In this week's post, Daniel finds himself in Rome for the weekend and outlines the costs associated with visiting Italy's capital city. He debunks the myth of having to break the bank to have a good time by sharing cost-effective travel options. Enjoy this city through Daniel's photos and favorite moments!
When in Rome…you don’t have to break the bank. Coming to Italy, I had always heard how expensive Rome was and how it was an avoidable tourist trap. However, in visiting, I can tell you that this is not the whole truth. Yes, you can spend a ton of money, and yes, the city is very touristy, but the benefits far outweigh the drawbacks.
Rome is an immensely popular city. It can be expensive, but it’s also beautiful and hypnotizing. Here’s how to do it in 2 days and on a budget.
You will find yourself tripping a lot as it’s hard to not look up at the incredible architecture.
1. Transportation from Florence
Finding an affordable train to Rome from Florence is a fairly straightforward process online. We booked the day before we were planning on leaving and spent 23 euros on a 3.5-hour ride (it could be 1.5 hours but it was 40 euros more).
2. Living Accommodations
As far as staying in Rome, we booked an AirBnB a little north of the center for 100 euros a night (coming out to 20 euros per person).
Two of the views from our AirBnB.
Within a couple blocks of our place we found a small coffee shop where we had an amazing (and fairly cheap) breakfast.
3. Transportation within Rome
Rome is a huge city and moving around can take up a lot of time, especially if you’re staying outside of the main areas. We decided to buy a 48-hour Metro pass for 12.5 euros. This really wasn’t necessary for what we ended up using it for. I’d recommend rather paying for each ride, which runs you 1.50 a pop.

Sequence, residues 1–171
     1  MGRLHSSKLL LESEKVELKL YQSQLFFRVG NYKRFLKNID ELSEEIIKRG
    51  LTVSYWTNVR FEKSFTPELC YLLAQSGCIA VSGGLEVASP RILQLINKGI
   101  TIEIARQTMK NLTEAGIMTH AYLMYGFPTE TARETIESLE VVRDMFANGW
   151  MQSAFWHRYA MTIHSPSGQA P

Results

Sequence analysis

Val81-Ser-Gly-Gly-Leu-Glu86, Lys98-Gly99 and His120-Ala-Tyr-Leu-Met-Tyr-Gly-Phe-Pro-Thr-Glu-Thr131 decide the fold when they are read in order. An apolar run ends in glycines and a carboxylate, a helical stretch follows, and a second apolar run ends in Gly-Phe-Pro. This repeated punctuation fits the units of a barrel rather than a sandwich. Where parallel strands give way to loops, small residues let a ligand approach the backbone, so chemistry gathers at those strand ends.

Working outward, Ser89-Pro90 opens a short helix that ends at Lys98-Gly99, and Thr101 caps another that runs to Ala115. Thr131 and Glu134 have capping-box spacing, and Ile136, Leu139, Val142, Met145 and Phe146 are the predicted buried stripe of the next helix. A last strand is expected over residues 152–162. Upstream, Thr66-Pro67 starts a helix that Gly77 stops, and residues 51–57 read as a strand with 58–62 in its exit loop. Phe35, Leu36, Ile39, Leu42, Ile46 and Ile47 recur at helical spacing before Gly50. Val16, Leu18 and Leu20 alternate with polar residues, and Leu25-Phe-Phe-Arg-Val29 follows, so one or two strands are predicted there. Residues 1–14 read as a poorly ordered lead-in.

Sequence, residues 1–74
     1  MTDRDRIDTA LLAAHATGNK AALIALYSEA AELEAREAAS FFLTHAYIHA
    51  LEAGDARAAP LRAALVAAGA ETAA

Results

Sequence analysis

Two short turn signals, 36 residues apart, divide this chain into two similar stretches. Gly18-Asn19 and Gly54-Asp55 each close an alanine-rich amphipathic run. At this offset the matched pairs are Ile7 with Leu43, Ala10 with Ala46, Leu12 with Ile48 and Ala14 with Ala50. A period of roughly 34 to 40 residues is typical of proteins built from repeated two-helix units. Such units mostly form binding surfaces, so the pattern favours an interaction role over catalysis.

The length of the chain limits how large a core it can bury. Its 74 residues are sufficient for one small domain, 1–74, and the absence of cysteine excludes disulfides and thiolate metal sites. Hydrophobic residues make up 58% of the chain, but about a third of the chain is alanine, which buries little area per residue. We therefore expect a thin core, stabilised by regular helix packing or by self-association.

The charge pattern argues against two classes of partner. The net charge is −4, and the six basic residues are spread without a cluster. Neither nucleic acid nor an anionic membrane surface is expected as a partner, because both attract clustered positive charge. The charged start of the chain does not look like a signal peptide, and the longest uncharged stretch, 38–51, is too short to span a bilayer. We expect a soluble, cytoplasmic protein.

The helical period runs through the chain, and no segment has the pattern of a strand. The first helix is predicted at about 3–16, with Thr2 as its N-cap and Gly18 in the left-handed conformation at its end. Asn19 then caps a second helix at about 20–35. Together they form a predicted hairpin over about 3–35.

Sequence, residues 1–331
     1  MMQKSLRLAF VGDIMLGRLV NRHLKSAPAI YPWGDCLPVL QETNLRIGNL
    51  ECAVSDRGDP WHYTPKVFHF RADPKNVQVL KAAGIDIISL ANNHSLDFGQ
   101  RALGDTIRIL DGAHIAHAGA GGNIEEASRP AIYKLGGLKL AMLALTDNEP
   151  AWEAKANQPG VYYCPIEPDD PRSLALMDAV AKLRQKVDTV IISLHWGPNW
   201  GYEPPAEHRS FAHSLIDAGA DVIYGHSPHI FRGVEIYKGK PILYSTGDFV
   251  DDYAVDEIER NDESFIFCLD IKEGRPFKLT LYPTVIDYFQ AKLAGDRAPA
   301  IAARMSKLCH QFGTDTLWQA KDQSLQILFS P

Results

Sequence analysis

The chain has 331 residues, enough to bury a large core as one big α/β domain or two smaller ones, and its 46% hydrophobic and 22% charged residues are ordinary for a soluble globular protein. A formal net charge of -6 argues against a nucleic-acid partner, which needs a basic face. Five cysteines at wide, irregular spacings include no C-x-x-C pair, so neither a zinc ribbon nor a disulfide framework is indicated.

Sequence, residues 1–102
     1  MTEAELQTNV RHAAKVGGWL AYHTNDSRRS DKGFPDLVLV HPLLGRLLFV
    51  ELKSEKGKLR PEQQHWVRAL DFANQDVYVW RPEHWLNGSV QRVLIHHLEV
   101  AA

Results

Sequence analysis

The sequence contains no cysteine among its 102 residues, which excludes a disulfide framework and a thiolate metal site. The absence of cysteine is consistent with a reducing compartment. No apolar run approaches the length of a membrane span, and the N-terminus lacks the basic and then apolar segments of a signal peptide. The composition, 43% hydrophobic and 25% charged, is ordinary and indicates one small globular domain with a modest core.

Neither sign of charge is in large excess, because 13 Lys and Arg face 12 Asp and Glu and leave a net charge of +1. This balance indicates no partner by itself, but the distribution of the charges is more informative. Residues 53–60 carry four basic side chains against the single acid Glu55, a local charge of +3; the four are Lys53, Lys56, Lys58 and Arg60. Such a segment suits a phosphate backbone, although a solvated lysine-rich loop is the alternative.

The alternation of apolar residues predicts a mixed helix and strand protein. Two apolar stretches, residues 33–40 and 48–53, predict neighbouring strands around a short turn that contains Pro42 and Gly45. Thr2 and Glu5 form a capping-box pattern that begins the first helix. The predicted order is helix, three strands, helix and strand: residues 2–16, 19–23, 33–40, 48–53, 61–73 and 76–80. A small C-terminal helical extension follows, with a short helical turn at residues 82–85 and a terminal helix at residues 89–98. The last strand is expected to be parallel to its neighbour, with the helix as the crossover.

One of my favorite things about Rome is how accessible the major sights are. You have access to most of the city’s beauty for absolutely no charge. This is something that you must take advantage of.
The Colosseum: a must-see in Rome.
However, in order to get a more complete experience, you can spend 18 euros on a pass that gives you access to the Colosseum, the Roman Forum, as well as Palatine Hill. For that price, you really get more than you could ask for.
Horse-drawn carriages outside of the Colosseum.
Lucky for you, these three sights are all concentrated in a small area. You can hit all of them within the span of just 3-4 hours! Perfect for a morning expedition before grabbing a panino for lunch.
The Arch of Constantine is literally right next to the Colosseum and offers its own unique grandeur.
The Roman Forum.
Walking up a hill overlooking the Forum, you can find a small church.
This next sight might be out of the way if you stay close to the center, but for us, it was only a 20-minute walk and was one of the highlights of our visit. Villa Ada Savoia sits a little north of the city center and is filled with incredibly beautiful open spaces. It was filled with horse-drawn carriages, vendors, bikes, picnics, and dogs—lots and lots of dogs.
Villa Ada Savoia is one of Rome’s hidden gems, where you can find some serenity and escape the ocean of tourists.
Although we didn’t plan on actually entering Vatican City, we spent half an hour in St. Peter’s Square marveling at the beauty of Michelangelo’s Dome.
Michelangelo’s Dome from St. Peter’s Square.
Now that you have some insight into the things you can do in Rome, I hope that you too get the opportunity to explore this city and discover it’s 3,000 year-old beauty without hurting your wallet too much.
Till next time, Rome.
Daniel Arnabar is an official CAPA blogger for spring 2019, sharing his story in weekly posts on CAPA World. A Marketing major at University of Pittsburgh, he is studying abroad in Florence this semester.
Daniel's journey continues all semester so stay tuned.